Microsoft 365 is now just Teams
As they do every quarter, Microsoft’s latest set of results (FY22 Q1) contain some interesting nuggets of information relating to Microsoft 365 and Office 365. Possibly the most startling of which is in the earnings transcript. This is Microsoft’s official record of the conversation between CEO Satya Nadella and CFO Amy Hood with market analysts. It contains zero mention of any Microsoft 365 app except Teams. No SharePoint Online. No Exchange Online. No OneDrive for Business, Stream, Planner, or Yammer. Just Teams.
Perhaps Teams is the key ingredient for the $20.7 billion generated for Microsoft Cloud revenue in the last quarter (up 34% in constant currency year-over-year). That is, until you realize that Microsoft charges precisely zero for Teams as the app is bundled into every Microsoft 365 and Office 365 product. I doubt sales of the Teams advanced communications add-on made much of a dent either. The thing is that Teams leverages a huge number of components drawn from across the Microsoft 365 ecosystem. It can’t survive without Exchange Online, SharePoint Online, Azure AD, and a bunch of other services (for background, see this interview with Rish Tandon, VP of Teams development). In a nutshell, the health and success of Teams reflects the overall wellbeing of Microsoft 365, which is why Microsoft senior management might be so preoccupied with talking about Teams.
Despite focusing exclusively on Teams, Microsoft’s leadership gave no further update on the number of Teams usage over the “nearly” 250 million monthly active users claimed in July 2021. They noted that the number of organizations with more than 100,000 Teams users is now 138 (up 12 since July) and that more than 3,000 organizations have more than 10,000 Teams users (no change since July).
Office 365 Usage Grows
Microsoft didn’t give a firm number for the number of Office 365 users either. They noted a 17% year-over-year growth in paid commercial Office 365 seats. The same growth rate was reported in July. Applying six months’ growth to the 296.7 million paid seats claimed in the FY21 Q3 results, we get a figure of around 325 million. Although this is not the same as active users, when comparing the number against Teams usage, you’ve got to ask if the majority of those using Office 365 also use Teams. The answer is “maybe” because it depends on what you consider active use. Microsoft’s telemetry gives them one view; others might say that starting Teams once a month and looking at a single message in a channel or chat is not a strong definition for active use.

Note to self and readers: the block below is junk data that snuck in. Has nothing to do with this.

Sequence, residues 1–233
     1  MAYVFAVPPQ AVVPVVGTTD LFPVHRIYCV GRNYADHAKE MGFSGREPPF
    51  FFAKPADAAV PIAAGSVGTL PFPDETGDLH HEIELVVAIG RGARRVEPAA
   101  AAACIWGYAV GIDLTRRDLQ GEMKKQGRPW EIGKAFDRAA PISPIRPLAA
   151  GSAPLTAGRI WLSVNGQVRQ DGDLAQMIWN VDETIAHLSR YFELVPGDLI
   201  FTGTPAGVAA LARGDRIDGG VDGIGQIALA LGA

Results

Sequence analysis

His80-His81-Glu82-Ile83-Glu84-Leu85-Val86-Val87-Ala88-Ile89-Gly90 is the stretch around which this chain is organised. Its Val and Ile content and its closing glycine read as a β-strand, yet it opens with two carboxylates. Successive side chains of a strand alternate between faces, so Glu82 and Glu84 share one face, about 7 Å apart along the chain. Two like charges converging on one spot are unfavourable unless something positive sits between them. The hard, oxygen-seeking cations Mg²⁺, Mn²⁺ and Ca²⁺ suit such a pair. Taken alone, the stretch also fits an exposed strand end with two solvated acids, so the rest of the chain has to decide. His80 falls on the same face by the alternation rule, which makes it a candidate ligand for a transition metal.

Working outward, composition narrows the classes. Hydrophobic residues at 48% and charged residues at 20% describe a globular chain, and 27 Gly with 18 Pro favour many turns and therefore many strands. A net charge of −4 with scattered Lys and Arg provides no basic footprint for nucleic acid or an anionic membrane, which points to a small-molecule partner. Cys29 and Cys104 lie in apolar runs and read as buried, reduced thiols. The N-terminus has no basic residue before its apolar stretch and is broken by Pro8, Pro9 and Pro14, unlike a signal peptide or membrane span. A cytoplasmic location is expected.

Office 365 commercial revenue grew 21% in constant currency, driven by “installed base expansion across all workloads” (people are making more use of all apps). What’s also interesting is that E5 revenue is being driven by “demand for our advanced security, compliance, and voice offerings.” The interpretation here is that customers are willing to upgrade to the Office 365 E5 or Microsoft 365 E5 plans to access features like auto-label policies (retention and sensitivity labels), trainable classifiers, communications compliance, and Teams Voice plans, all of which allows Microsoft to increase its gross margin (up 4% for the Microsoft Cloud segment).
Further evidence of enterprise customers moving from basic Office 365 plans to Microsoft 365 plans is in the 30% growth of enterprise mobility and security (included in Microsoft 365) to 196 million seats.
Azure AD Grows Too
Office 365 makes heavy use of Azure AD. Microsoft says that Azure AD now has 500 million monthly active users, up from the 425 million reported in FY21 Q2. Microsoft also said that “nearly 240 million people have adopted passwordless login to date” but didn’t give any details about a breakdown across commercial and consumer segments.
Hopefully, the move to withdraw basic authentication for email connections in October 2022 will force more Office 365 tenants to move to embrace modern authentication, multi-factor authentication, conditional access policies, and the Microsoft authenticator app. Apart from anything else, going modern will make tenants more secure, stop business email compromise attacks, defend better against password spray attacks, and generally help to repel attackers. There’s lots to like about that.
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